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Industry-academic partnership to tackle tumor resesitance

2 September 2021, Utrecht (The Netherlands) - Hubrecht Organoid Technology (HUB) joins a new international consortium of academic and industrial leaders in the field of cancer research which launches “PERSIST-SEQ”, a five-year public-private collaborative research program that aims to unravel drug resistance and develop smarter therapeutic strategies to treat cancer and prevent resistance. PERSIST-SEQ will provide the cancer research community with a new gold standard workflow for single-cell sequencing by developing and validating best practices as well as generating and analysing high-quality data. The program is funded by the Innovative Medicines Initiative (IMI), and led by the Oncode Institute and AstraZeneca.

Cancer takes 9.6 million lives each year, 90% of which result from untreatable cancer relapse occurring after initially effective treatment. Therapeutic resistance is one of the primary causes of cancer death and is clinically difficult to predict, prevent or treat. Although resistance has been studied extensively in the last decades, there is no comprehensive understanding of its underlying mechanisms, nor how they differ between cancer types or therapies. A more accurate understanding of these mechanisms can contribute to better patient stratification, as well as improved cancer treatment strategies to overcome resistance, however it requires advanced molecular tools and preclinical models that preserve each patient's molecular pathology.

“Drug resistance in cancer is one of the greatest causes of mortality and despite increasing success with targeted therapies in the clinic, how cancer cells survive drug treatment is still not well understood. We are excited to co-lead this European industry-academic partnership, using state-of-the-art single-cell sequencing to characterise 5 million single cells over 5 years to understand and overcome drug resistance.” - Ultan McDermott (AstraZeneca), industrial co-lead of PERSIST-SEQ.

Current experimental approaches fail to study residual disease, the major cause of cancer relapse, and therapeutic resistance in clinically meaningful ways. In the last years novel methods in single-cell sequencing have seen significant advancements. Such techniques combined with advanced cancer patient-derived models such as organoids, which faithfully preserve original tumor genetic background and molecular pathology, can shed light on the intricate processes underlying therapeutic resistance and residual disease. Understanding the mechanisms of cancer resistance is crucial to enable its mitigation and requires a coordinated effort. To address these challenges, PERSIST-SEQ has formed a coalition of field-leading researchers and medical oncologists on cancer resistance who will leverage their ingenious cancer modelling approaches and cutting-edge techniques to perform the sequencing of single tumour cells. PERSIST-SEQ will refine and standardise a broadly applicable workflow for single-cell sequencing in order to improve the understanding of therapeutic resistance in cancer and develop targeted prevention and mitigation techniques.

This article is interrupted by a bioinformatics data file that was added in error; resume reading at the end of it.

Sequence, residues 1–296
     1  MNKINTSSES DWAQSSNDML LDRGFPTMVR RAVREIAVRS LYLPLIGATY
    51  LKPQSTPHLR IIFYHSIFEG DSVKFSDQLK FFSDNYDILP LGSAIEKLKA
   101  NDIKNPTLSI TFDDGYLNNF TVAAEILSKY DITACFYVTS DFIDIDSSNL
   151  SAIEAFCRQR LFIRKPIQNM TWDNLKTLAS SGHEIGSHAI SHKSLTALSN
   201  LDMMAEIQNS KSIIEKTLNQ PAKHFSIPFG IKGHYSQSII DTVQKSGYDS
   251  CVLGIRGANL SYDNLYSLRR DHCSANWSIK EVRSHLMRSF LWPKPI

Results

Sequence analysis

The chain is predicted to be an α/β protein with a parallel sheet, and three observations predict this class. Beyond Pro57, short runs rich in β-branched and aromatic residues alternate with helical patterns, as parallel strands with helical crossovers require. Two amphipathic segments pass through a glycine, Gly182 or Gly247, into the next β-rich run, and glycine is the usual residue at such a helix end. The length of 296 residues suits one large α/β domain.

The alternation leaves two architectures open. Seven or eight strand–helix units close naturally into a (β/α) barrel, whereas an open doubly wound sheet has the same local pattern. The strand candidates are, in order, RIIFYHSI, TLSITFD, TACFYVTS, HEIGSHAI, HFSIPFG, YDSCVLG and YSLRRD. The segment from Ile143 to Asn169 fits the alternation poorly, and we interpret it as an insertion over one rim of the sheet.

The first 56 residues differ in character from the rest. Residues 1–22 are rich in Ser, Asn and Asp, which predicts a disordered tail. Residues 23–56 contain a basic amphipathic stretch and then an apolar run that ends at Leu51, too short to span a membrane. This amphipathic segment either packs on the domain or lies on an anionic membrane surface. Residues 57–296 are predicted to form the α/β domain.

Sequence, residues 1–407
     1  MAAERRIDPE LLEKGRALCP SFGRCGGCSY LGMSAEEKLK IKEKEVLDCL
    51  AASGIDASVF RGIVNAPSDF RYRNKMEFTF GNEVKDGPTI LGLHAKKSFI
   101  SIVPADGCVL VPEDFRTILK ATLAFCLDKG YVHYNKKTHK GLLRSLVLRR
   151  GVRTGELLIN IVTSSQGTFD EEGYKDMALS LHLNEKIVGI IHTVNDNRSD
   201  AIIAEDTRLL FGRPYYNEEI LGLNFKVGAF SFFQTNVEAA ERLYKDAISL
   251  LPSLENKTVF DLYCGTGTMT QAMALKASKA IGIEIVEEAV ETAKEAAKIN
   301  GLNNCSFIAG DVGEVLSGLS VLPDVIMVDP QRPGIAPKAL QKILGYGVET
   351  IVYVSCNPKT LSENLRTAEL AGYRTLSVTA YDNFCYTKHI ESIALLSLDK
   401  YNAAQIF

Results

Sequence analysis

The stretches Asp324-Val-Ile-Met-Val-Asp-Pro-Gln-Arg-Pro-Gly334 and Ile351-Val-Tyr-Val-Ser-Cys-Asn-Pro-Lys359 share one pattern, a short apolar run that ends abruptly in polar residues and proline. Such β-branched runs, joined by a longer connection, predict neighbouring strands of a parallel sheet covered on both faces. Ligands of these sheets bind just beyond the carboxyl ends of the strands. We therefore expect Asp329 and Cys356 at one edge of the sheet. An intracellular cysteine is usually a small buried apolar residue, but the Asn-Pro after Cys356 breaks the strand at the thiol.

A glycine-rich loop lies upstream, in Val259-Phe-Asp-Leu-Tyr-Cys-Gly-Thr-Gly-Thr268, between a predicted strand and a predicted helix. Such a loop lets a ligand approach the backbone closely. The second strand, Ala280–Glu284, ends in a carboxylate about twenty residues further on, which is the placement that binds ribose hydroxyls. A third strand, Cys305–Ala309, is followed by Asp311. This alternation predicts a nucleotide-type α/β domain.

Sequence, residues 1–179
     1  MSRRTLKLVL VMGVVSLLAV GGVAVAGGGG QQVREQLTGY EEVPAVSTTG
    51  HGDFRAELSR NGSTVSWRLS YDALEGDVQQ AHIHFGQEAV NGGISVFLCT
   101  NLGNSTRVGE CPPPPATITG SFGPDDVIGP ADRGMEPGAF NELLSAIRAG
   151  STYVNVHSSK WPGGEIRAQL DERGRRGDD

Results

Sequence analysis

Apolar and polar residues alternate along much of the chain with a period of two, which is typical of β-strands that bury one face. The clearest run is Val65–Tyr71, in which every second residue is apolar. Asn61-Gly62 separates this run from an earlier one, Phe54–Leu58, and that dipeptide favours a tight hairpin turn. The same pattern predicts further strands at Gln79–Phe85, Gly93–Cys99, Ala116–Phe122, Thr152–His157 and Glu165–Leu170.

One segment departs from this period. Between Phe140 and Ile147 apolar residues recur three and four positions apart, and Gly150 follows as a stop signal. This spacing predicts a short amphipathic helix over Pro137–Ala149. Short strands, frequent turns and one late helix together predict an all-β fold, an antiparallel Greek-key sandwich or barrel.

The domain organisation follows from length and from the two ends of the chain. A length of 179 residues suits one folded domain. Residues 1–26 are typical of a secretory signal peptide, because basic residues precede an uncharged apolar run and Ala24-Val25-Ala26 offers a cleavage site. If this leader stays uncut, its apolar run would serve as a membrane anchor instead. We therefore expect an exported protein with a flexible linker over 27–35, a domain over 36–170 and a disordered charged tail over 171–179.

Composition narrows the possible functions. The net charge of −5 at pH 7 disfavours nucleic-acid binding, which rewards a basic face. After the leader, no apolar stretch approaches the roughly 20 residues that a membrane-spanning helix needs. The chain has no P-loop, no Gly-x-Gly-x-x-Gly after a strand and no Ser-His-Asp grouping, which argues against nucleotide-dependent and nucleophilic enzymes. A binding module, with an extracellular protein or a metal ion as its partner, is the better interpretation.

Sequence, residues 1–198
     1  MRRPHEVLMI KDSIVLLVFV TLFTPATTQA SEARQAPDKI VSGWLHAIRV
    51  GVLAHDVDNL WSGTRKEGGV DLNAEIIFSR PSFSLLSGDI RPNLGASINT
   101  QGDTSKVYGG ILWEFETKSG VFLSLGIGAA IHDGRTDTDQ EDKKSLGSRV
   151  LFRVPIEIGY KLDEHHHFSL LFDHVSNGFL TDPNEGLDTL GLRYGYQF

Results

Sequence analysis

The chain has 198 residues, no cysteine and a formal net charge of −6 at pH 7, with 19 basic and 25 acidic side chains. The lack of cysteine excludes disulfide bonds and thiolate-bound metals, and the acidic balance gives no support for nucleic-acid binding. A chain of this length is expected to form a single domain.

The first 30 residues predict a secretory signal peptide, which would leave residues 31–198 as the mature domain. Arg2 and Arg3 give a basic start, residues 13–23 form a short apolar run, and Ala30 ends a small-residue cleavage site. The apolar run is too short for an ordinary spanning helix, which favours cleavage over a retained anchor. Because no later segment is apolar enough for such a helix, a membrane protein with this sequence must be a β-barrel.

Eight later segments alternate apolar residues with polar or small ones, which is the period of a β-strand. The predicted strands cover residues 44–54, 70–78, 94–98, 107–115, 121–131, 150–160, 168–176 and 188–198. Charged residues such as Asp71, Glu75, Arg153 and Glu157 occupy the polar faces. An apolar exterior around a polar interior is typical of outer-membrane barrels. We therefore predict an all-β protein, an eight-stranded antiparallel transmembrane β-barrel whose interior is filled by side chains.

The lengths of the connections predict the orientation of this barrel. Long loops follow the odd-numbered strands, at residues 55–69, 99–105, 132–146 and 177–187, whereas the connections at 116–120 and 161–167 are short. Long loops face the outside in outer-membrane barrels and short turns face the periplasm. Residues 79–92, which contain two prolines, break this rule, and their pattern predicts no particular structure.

"HUB is very excited to be contributing to this project by building new patient-derived organoids that will be used to characterize the gene expression profiles of treatment resistant cancer clones. This will contribute to improving our understanding of cancer drug resistance and ultimate lead to more informed patient selection for clinical trials" - Dr. Sylvia Boj, CSO (Hubrecht Organoid Technology).

About the PERSIST-SEQ consortium

The ultimate goal of the PERSIST-SEQ consortium is to improve the understanding of therapeutic resistance in cancer and create effective strategies to improve cancer treatment and prevent drug resistance. As a result of this effort, the project anticipates a significant step forward for the cancer community and its understanding of tumour plasticity. This can change the way scientists and clinicians view cancer and its related drug developments. In order to achieve this goal, PERSIST-SEQ will develop a standardized approach to single-cell sequencing workflows for the investigation of cells pre-treatment. Uniquely, all experiments and pre-processing of data will be done at Single Cell Discoveries. This will ensure standardisation and continuity of both experimental and bioinformatics workflows throughout the project. Importantly, PERSIST-SEQ will employ an open access model to build and sustain its benchmarking procedures and centralized European data infrastructure. This model reduces duplication of effort, thereby promoting collaboration across disciplines and ensuring efficient adoption of state-of-the-art single cell technologies. By presenting an approach which is replicable, the PERSIST-SEQ consortium will facilitate a further investigation of unaddressed tumours and therapies. Therefore, the real impact of the project will stem from the growth of innovation capacity associated with the use of this approach across academic and industrial centres around the world.

PERSIST-SEQ is a public-private partnership funded by the IMI, with representation from academic institutions, small- and medium-sized enterprises, public organisations and pharmaceutical companies. The partners involved in the project are Oncode Institute, Hubrecht Institute, Netherlands Cancer Institute, Single Cell Discoveries, Lygature, Wellcome Sanger Institute, Fondazione del Piemonte per l’Oncologia, Hubrecht Organoid Technology, Institute for Research in Biomedicine (IRB Barcelona), Vall d’Hebron Institute of Oncology, Xenopat, AstraZeneca, Merck KGaA, Darmstadt, Germany, Bayer, Transgene, Charles River.

 For more information, visit the PERSIST-SEQ website.